In any event, the artist has a certain well-defined function in mind which is always determined by his age, benefaction and individuality. Perceptions and sensations are captured, a representation of our collective destinies which “at the juncture of the genre painting and the mythological landscape, in the sunshine of Renoir’s or Monet’s Grenouillere ( Frogpond) or the shadows of Seurat’s Grande Jatte, another form of history painting asserts itself. In it, history puts itself on show, matter-of-fact, wonderfully, as the raw material in which light plays on the water, and games of seduction play out on riverbanks, in canoes or on sunny terraces, as the living principle of the equality of every subject under the sun.”

Crossing point

Hence, the crossing point between history and art is as old as civilisation. The Greeks produced an evocative and eternal art because of a pulsating imagination, of realism and of humanism that looked at creativity as integral to life. It is a fact that all free men in Athens could play a musical instrument and, when called upon, sing in the chorus of the drama. When the splendour had departed from Athens, time was ready for Zeno’s stoicism and its converse Epicureanism. The imaginative glory that lived with Plato and Aristotle faded into a period of sensuousness and over-romanticising. The Greeks themselves fell victim to the Romans.

The broken sword, the dying horse, and the dead child in Pablo Picasso’s “Guernica” all hint at a feeling of alarm in a war-torn world. Instrumental music, on the other hand, has no recourse to perceptible symbols but through its rhythmic form underscores the emotive state vital to its times. The idea of valour and fearlessness in Beethoven’s “Eroica” is obvious in the animated power of the onrushing sweep of the composition. Daring, restless strokes and deeply contrasting colours in Vincent Van Gogh’s “The Starry Night” point towards the indispensable vigour of the artist himself.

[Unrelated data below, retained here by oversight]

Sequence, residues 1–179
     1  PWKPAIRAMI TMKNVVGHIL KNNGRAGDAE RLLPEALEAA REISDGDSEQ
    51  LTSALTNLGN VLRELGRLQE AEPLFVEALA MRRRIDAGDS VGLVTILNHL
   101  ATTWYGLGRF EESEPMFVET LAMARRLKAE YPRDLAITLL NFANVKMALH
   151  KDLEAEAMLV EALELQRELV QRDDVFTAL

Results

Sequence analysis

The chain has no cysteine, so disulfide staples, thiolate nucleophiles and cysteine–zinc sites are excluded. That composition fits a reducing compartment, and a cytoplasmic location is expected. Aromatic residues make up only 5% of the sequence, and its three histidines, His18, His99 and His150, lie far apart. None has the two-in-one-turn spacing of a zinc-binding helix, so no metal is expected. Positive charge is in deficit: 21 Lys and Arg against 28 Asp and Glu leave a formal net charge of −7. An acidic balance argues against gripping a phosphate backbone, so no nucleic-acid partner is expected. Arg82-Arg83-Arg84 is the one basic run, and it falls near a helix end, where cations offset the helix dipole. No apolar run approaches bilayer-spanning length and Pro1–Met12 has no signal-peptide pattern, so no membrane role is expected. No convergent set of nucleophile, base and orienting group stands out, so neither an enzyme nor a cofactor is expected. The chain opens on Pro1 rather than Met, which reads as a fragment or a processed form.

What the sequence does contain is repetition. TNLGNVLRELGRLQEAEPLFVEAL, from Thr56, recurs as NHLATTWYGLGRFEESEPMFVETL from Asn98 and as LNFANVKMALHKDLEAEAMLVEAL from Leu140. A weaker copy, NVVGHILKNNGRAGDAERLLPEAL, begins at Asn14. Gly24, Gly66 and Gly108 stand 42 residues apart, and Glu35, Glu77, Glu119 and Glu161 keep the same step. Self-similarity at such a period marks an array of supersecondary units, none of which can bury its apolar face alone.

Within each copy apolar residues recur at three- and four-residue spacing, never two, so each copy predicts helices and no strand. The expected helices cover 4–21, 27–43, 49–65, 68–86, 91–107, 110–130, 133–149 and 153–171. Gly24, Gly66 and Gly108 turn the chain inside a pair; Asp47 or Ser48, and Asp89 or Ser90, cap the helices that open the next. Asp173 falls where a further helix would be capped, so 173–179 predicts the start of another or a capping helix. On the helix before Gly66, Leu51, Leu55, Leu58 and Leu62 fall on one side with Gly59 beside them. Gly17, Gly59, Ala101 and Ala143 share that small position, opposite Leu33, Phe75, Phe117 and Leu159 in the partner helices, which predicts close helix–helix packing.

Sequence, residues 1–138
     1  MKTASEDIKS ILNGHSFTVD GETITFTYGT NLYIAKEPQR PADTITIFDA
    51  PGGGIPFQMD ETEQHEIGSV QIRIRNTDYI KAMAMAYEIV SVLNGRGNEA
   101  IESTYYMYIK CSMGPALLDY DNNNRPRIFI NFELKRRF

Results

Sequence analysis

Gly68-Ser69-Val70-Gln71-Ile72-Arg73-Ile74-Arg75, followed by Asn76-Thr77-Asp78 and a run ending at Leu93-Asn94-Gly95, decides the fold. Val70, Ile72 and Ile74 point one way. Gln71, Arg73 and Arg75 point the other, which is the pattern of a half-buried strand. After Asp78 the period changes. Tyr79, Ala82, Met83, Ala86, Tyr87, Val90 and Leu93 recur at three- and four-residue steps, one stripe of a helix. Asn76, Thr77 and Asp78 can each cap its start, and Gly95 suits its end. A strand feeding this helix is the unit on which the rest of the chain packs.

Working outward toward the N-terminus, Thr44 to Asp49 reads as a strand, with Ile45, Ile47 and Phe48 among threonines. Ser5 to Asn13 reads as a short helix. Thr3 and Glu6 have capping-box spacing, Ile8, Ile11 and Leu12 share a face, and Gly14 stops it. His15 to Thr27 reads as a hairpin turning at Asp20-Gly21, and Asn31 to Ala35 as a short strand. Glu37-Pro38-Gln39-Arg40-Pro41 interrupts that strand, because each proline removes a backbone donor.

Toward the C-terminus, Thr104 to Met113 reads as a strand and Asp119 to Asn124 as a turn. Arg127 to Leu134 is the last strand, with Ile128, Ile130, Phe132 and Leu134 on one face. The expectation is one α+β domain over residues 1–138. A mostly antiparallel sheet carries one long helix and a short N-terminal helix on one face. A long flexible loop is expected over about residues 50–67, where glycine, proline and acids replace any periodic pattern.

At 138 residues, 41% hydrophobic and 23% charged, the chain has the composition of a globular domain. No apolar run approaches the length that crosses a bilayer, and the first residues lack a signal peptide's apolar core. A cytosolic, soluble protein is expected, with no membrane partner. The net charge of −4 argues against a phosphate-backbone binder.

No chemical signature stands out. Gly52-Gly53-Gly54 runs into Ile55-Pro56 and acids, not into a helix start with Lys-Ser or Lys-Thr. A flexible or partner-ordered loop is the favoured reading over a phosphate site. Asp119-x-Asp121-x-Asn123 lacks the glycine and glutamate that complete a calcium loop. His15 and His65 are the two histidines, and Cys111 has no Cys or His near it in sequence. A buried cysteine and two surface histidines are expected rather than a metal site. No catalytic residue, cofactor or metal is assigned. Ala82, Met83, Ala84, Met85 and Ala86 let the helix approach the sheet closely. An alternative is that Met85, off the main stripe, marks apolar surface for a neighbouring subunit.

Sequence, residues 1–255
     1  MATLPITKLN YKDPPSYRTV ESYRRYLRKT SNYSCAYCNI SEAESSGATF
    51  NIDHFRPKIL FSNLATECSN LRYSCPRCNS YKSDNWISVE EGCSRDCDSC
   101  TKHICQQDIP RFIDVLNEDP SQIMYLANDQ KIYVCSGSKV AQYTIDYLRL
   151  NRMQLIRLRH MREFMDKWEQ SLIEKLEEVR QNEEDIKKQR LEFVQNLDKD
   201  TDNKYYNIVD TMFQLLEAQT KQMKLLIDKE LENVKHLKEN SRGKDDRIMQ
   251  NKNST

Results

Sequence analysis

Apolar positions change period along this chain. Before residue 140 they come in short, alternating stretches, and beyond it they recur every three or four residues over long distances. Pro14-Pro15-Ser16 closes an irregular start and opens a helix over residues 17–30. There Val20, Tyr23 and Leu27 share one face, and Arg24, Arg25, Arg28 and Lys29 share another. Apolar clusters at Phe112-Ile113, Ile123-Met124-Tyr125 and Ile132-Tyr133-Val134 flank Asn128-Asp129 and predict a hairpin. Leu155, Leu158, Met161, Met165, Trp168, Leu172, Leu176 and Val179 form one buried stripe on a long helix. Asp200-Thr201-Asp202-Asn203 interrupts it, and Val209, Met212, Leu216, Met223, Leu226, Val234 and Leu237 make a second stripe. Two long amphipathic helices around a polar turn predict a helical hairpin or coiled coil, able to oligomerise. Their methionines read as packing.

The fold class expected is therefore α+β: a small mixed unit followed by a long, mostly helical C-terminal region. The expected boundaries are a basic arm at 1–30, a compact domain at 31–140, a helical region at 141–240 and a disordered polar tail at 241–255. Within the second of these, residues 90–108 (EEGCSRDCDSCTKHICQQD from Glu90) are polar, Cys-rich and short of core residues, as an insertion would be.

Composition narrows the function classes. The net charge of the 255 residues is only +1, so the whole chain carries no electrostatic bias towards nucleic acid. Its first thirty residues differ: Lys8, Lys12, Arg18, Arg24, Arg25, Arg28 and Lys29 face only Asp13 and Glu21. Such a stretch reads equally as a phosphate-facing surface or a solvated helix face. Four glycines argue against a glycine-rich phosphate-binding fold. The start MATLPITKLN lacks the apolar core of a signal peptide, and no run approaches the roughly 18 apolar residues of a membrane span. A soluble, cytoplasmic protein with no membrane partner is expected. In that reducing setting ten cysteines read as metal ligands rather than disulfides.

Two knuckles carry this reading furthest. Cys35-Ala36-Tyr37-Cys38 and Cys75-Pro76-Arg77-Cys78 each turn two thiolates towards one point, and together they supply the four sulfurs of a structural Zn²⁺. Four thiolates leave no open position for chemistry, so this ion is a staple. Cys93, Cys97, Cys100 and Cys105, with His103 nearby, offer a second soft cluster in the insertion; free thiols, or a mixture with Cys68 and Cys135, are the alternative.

The metrical motives in Beethoven’s “Fifth Symphony” suggest the knocking of fate at one’s door. Eugene Delacroix’s Liberty Leading the People” is a self-assured diagonal movement united with the atmosphere of solemn colours against the hazy background, which intensifies the feelings of self-determination and struggle. Considering the question of history and representation, Ranciere sees a connection between pictorial genres and the powers of figuration in the very arrangements of fables and of the power of necessary, common destiny.

The question that seems to be troubling Ranciere is: Can art really represent history or does it turn history into a devastating power? Here, he evokes Theodor W. Adorno’s comment that there can be no poetry after Auschwitz, which points to the unrepresentable horror of the camps. Is this not coterminous with the anti-representative nature of modern art? Ranciere cites the example of the Slovenian painter Zoran Music, who “devotes himself to reconstructing Dachau’s corpse-filled fields as ‘slabs of white snow’ or ‘silver reflections over the mountains’”. The very erasure that the concentration camps stood for compels the artist to show “what can’t be seen, what lies beneath the visible, an invisible that is simply what ensures that the visible exists”.

Renaissance of the liberal arts programme comes invariably through attention to the study of the arts for the enhancement of cultural understanding of the heritage of the past and one’s awareness of the exigencies of the present. For Ranciere, art is important as it shows and hides, making every image a representation of what is permissible and what is not as in the case of what is seen or hidden. Indeed, the image in the very act of showing or hiding reflects the historical and the official record, thereby either imprisoning history or setting forth new dynamism in the interpretation of meaning.

For such developments, Ranciere’s interdisciplinary approach operates at a level that takes into consideration technical knowledge and experience and as the social forces reflected in art. In view of this close connection between art and life, it is evident that art engages with the artist’s religious affiliations, his economic status and that of his audience, and his political leanings, all those fundamental forces that have a direct bearing on the production of history and meaning.